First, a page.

Above else, replaying Halo 3: ODST reminded me what I love about this franchise. Whilst I enjoyed 343’s foray into the series as a sleek, sci-fi shooter: it desperately lacks the creative fibre of the Bungie titles. It’s not my place nor desire to debate the merits of either studio, but ODST certainly serves to remind us how rich the Bungie-Halo universe had become by 2009. The expanded fiction complimented the games and the games did so vice versa. It had not become bloated nor confused about its direction. Given the turbulent production cycle for Halo 2 and 3; this is a testament to the studio’s innovation to prolong the franchise with such finesse. It is as if the fighting spirit of ‘The Rookie’ and his comrades extends well beyond the fictitious New Mombassa and into the development team themselves.

In its simplest form, Halo 3: ODST is an inditement of the world building prowess of Bungie in their prime. It also proves there are better stories aside from the standard, now exhausted, formula. Where Reach capitalised upon alternative characters in a feature-length title; it feels more crucial than ever to explore other avenues beyond Master Chief and his tiring tirade. I feel a Contact Harvest adaptation or ODST sequel would revitalise the series greater than the — frankly tedious — Promethean nonsense of recent titles. But perhaps the mature, experimental nature of ODST is a product of its time. Of a franchise both big and brave enough to take a risk. From a studio still hungry to prove themselves with a title that remains, to this day, a highpoint of the series.


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Paris in Pixels: A Retrospective

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‘Paris in the fall. The last months of the year, and the end of the millennium. The city holds many memories for me –– of cafes, of music, of love… and death.’


The opening scrawl of Broken Sword: The Shadow Of The Templars (1996) sets a rather curious precedence. A delicate depiction of France that whilst forbidding, lack the theatrics expected of a video game. But it is precisely its non-conformity –– the middle ground between a written text –– that characterises the charming and unique adventure that follows. A rich blend of intricate narrative, memorable figures, gorgeous visuals and quite literally genre-defining gameplay: Shadow of the Templars birthed a franchise that earns a special place in my heart.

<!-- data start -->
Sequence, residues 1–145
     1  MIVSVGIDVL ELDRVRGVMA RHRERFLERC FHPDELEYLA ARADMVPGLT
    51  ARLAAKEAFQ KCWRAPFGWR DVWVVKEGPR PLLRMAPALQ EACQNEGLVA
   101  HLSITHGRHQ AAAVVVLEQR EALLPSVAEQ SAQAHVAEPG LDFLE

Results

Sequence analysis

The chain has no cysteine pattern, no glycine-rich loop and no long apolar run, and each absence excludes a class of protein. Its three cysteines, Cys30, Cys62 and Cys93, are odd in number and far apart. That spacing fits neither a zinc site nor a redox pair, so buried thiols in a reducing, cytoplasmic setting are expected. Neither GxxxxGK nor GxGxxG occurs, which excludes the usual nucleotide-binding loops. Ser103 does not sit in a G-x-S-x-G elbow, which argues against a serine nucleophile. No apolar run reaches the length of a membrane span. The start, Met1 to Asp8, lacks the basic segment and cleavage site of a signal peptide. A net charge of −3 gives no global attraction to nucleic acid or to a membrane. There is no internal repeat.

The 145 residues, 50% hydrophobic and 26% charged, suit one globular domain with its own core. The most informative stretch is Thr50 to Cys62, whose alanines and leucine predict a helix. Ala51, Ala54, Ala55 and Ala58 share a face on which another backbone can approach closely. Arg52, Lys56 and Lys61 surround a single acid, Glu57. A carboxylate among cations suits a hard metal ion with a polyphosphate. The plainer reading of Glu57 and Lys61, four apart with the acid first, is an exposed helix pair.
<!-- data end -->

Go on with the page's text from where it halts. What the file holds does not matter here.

Of course, the multiplicity of said franchise is rather expansive. Broken Sword emanates from British developer Revolution Games –– and co-founder Charles Cecil –– who enjoyed some acclaim with Beneath a Steel Sky in 1994. The games, typically, focused on historical conspiracies within a 2D ‘Point-and-Click’ format and remain, to this day, Europe’s biggest selling adventure series. Spawning four sequels, Broken Sword II: The Smoking Mirror (1997), The Sleeping Dragon (2003), The Angel of Death (2005) and The Serpent’s Curse (2014) –– with its third and fourth instalments briefly embracing a 3D engine –– the franchise is typically lauded alongside the popular LucasArts SCUMM titles.

But coinciding with the release of Duke Nukem 3D and Core Design‘s original Tomb Raider, Broken Sword began life amidst very different approaches to this medium. Its emphasis on hand drawn set-pieces, slow gameplay and dry humour make it not only incongruous within the video game trajectory at the time but even more so today. The relative subsidence of  Point-and-Click adventures seems to cement this. Posing the question: what is its appeal and longevity?


Broken Sword, as a series, is something incredibly special. It’s much more than one or three award-winning titles and more than a product of its time. It’s also more than a mere robust point-and-click game. (Thought it is commendable) There is a far richer quality that surrounds its role as visual, jovial entertainment. This article is not a love letter to its first game nor the nostalgia it inspires today; but rather a look at the various threads the franchise has spun over the last twenty or so years. In short, Broken Sword has a certain approach: a humour, an intellect; an idiosyncratic choice of location, design and pacing that deserves attention, if not praise, that it often fails to attract.

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Paris in Fall: Inventory screenshot from opening scene in Shadow of the Templars (1996)


In this grossest of generalisations, Broken Sword follows the escapades of American lawyer George Stobbart and French journalist, love interest and all round purveyor of sass, Nico Collard. The two cross paths in a number of fated incidents that bind them forever. In the Shadow of the Templars, a near-death experience finds them on the trail of the Knights Templar; a fundamentalist cult that sees the pair travel from Parisian catacombs to Syrian markets. The sequel bares a similar scale: with the pair caught in a Peruvian conspiracy for Aztec treasure and traverse the world as a result. Later iterations rekindle these undertones, exploring everything from dragons to Gnostic spiritualism.  Without descending into plot details, the emphasis on exotic, hollywood locations with hidden doorways and temples-of-doom are a cornerstone of this franchise. Protecting the world from well-hidden weapons and cults features heavily, too. But all the same, these moments are always juxtaposed with everyday locations: cafes, hotels and construction sites. There is a humility that surrounds its more spectacular segments. It is, in essence, the series’ charm: how its protagonists become ‘accidental heroes’.